The Metro at 40

A familiar sight on the Britain’s roads in the 1980s and 1990s, the Austin Metro was launched in October 1980, forty years ago this month. Research and Enquiries Officer Patrick Collins takes a look at its story.

At first badged as the Austin Mini Metro, the small three-door hatchback was British Leyland’s entry into the rapidly expanding supermini class. Designed to rival Ford’s market-leading Fiesta, the plan was for the Metro to run alongside and eventually replace the much-loved Mini.

Development of what would become the Metro started back in 1975 and evolved through two prototype designs, ADO 88 and LC8, before the familiar Metro shape emerged in 1979. The new model’s arrival had been long-awaited and it’s launch proved to be a major headline grabber both in the newspapers and on the television news. The ensuing advertising campaign included a television advert showing Metros chasing foreign rivals out of Britain.

Mechanically the Metro was a continuation of the configuration established by the Mini in 1959, with the  A-series derived  A+ engine, of either 1.0 or 1.3 litre capacity, mounted transversely on top of a four-speed manual gearbox. An automatic version, available on the 1.3, used the AP transmission used in the Mini and other front-wheel-drive Leyland products. The lack of a five-speed gearbox, a standard feature on competitor’s cars, would remain a major criticism of the Metro throughout the 1980s. Suspension was the hydra-gas system used on other BL models.

The Metro (the Mini prefix was soon dropped) proved a big success for BL with luxury Vanden Plas and sporty MG and MG Turbo versions joining the original Austin model in 1982. A van derivative was, for short a time, badged as a Morris Metro. The MkII version replaced the original Metro in 1984, bringing with it the option of a five-door body.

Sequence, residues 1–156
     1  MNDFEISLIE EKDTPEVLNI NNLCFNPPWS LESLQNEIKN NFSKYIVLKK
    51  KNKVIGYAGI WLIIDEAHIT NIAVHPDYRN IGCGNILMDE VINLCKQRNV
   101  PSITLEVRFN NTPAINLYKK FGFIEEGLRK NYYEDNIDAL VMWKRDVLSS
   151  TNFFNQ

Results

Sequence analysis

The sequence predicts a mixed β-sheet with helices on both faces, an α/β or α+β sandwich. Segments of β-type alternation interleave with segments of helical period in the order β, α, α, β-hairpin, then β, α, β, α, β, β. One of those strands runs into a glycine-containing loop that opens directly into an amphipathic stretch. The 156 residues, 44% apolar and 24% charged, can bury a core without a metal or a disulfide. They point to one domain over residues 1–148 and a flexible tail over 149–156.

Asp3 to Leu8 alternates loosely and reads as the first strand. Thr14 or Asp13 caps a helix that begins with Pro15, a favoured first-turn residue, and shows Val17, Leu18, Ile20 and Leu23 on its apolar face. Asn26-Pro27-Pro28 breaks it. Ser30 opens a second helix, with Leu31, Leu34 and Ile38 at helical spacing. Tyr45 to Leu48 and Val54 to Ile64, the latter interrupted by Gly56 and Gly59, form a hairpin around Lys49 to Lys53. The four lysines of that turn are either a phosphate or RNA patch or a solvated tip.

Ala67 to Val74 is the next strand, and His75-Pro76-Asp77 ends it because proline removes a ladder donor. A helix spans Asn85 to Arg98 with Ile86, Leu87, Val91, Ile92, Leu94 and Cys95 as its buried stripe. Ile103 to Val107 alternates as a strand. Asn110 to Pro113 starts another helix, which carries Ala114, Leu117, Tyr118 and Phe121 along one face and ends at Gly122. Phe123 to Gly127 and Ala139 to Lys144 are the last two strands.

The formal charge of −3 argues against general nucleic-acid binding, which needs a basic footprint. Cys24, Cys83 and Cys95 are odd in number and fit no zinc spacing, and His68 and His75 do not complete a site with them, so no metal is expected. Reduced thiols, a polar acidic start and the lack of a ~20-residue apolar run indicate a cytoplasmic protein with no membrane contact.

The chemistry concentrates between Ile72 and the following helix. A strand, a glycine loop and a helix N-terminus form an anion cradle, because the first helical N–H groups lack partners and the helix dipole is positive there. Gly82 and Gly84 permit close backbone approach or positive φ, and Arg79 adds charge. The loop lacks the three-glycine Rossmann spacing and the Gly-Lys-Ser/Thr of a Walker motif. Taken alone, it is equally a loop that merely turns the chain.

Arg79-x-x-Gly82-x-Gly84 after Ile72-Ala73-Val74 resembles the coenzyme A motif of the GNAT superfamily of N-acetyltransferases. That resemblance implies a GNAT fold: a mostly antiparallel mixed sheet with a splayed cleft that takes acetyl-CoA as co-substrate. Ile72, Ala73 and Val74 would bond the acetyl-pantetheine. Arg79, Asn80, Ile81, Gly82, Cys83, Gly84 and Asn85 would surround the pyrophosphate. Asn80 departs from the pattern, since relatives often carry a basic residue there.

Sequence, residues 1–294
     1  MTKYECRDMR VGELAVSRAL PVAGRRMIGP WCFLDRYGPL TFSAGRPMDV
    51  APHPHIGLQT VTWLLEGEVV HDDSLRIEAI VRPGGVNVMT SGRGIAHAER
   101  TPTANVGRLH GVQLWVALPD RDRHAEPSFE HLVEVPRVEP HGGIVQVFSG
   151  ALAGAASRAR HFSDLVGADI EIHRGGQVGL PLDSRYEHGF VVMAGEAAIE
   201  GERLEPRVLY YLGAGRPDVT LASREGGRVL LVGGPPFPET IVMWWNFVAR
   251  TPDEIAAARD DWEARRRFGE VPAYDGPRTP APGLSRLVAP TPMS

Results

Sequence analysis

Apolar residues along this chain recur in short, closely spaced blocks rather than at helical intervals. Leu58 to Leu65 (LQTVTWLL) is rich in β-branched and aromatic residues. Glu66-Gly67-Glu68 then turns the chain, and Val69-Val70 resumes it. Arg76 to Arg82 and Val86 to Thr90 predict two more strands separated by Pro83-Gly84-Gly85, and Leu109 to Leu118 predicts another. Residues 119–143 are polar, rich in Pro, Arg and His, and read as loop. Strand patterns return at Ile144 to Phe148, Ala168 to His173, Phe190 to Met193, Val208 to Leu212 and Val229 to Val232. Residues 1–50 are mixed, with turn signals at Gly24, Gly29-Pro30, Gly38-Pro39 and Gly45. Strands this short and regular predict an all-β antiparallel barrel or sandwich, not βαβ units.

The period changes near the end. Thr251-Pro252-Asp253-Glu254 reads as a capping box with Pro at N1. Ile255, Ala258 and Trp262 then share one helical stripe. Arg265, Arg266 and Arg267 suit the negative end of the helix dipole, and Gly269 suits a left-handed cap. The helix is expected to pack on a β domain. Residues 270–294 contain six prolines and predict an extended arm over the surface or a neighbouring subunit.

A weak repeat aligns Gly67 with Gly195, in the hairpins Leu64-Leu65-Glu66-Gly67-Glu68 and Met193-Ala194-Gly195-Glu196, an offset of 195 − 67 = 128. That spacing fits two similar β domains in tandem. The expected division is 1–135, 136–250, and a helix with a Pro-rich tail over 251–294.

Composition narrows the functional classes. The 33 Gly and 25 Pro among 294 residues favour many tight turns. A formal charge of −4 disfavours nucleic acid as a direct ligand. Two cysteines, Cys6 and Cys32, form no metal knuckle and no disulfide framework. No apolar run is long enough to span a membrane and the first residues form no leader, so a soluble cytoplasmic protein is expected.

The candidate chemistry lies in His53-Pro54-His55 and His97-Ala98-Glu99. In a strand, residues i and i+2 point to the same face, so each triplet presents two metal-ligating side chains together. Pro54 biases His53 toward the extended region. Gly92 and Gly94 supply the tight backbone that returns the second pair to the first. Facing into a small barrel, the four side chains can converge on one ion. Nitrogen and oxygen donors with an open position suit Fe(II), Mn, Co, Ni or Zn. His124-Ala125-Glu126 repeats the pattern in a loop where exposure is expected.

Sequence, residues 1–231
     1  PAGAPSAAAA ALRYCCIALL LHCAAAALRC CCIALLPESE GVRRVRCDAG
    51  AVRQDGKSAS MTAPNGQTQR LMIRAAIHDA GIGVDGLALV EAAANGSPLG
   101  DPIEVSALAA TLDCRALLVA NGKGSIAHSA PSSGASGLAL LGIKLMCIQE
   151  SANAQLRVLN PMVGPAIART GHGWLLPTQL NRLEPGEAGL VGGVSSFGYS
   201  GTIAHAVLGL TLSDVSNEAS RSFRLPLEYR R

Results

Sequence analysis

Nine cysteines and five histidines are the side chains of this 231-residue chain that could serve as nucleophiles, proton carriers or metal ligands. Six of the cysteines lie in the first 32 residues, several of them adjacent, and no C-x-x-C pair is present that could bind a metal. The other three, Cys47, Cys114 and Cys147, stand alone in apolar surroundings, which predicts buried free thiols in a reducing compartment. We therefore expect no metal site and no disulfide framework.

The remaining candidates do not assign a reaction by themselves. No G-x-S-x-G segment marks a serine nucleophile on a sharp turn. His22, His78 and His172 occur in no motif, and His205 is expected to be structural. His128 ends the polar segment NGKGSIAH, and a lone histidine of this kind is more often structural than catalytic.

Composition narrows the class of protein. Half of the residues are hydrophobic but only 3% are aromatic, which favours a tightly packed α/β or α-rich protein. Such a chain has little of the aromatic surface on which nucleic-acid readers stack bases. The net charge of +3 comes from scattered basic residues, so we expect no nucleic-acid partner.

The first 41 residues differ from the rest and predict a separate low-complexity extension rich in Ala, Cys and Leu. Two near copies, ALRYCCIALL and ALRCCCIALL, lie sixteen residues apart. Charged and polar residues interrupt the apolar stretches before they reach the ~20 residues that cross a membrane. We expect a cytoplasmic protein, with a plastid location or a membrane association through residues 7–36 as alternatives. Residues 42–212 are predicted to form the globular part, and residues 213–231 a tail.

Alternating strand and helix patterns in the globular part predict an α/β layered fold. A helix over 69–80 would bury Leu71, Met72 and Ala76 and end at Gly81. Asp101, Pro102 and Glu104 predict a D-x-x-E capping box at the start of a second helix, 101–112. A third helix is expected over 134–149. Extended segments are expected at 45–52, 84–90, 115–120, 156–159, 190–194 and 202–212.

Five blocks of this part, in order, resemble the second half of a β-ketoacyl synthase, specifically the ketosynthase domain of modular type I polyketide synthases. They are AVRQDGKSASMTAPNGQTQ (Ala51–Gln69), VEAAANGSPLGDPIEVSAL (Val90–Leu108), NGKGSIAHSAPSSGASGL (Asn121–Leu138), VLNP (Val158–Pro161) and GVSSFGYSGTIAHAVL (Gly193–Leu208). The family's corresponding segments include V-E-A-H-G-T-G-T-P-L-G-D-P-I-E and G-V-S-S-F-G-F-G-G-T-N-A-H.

MG Metros were used in a popular one-make race series, the MG Metro Challenge, while the Turbo was raced successfully in the British Saloon Car Championship, recording several class wins. The most spectacular competition Metro was the 6R4 rally car, first seen in 1984. Other than looking superficially similar, this mid-engined, four-wheel-drive Group B supercar had little in common with road-going Metros. Power came from a 3 litre V6 engine that could be tuned for over 400bhp, but even this was not enough to compete successfully against rival Group B cars, which were mostly turbocharged. Austin Rover withdrew from the World Championship in 1986.

In 1987 the Austin name disappeared and Rover Group, as BL had become, marketed the car as simply the Metro until it became the Rover Metro in 1990. At the same time as morphing into a Rover, the Metro also received a new K Series engine, available as either a 1.1 or 1.4 litre. The Metro also gained a new transmission of joint Rover/Peugeot design which, at long last, gave the option of five speeds. The liaison with Peugeot also resulted in the appearance of a diesel Metro in 1993.

A further restyle followed in 1994 at which point the Metro became the Rover 100, the name that export versions had carried since 1990. Rover itself was by then owned by BMW.

The Metro was a big seller throughout the 1980s, usually in the top ten on the UK market, but by the mid-1990s sales were in decline. Poor results in EuroNCAP crash tests in 1997 proved to be the final nail in the coffin and production of the Rover 100 stopped in 1998. Ironically, the Mini, the car that the Metro was supposed to replace, continued in production until October 2000.

Over two million Metros and Rover 100s were built. At launch in 1980 the basic 1.0 model was priced at £3,095. In 1998 the equivalent Rover 100 1.1 model retailed for £6,525.

Once one of the most numerous cars on Britain’s roads, they are now a rare sight.


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